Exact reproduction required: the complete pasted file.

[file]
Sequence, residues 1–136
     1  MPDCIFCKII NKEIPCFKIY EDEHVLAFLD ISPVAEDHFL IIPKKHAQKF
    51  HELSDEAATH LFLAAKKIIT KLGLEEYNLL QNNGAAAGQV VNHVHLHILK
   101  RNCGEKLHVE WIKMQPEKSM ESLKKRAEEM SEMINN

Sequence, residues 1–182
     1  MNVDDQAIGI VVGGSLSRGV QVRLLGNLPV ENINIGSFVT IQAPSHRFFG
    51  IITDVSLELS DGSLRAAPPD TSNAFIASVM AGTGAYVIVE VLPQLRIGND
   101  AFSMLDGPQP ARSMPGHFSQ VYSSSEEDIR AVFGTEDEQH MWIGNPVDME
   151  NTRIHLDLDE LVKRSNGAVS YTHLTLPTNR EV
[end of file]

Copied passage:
Sequence, residues 1–136
     1  MPDCIFCKII NKEIPCFKIY EDEHVLAFLD ISPVAEDHFL IIPKKHAQKF
    51  HELSDEAATH LFLAAKKIIT KLGLEEYNLL QNNGAAAGQV VNHVHLHILK
   101  RNCGEKLHVE WIKMQPEKSM ESLKKRAEEM SEMINN

Sequence, residues 1–182
     1  MNVDDQAIGI VVGGSLSRGV QVRLLGNLPV ENINIGSFVT IQAPSHRFFG
    51  IITDVSLELS DGSLRAAPPD TSNAFIASVM AGTGAYVIVE VLPQLRIGND
   101  AFSMLDGPQP ARSMPGHFSQ VYSSSEEDIR AVFGTEDEQH MWIGNPVDME
   151  NTRIHLDLDE LVKRSNGAVS YTHLTLPTNR EV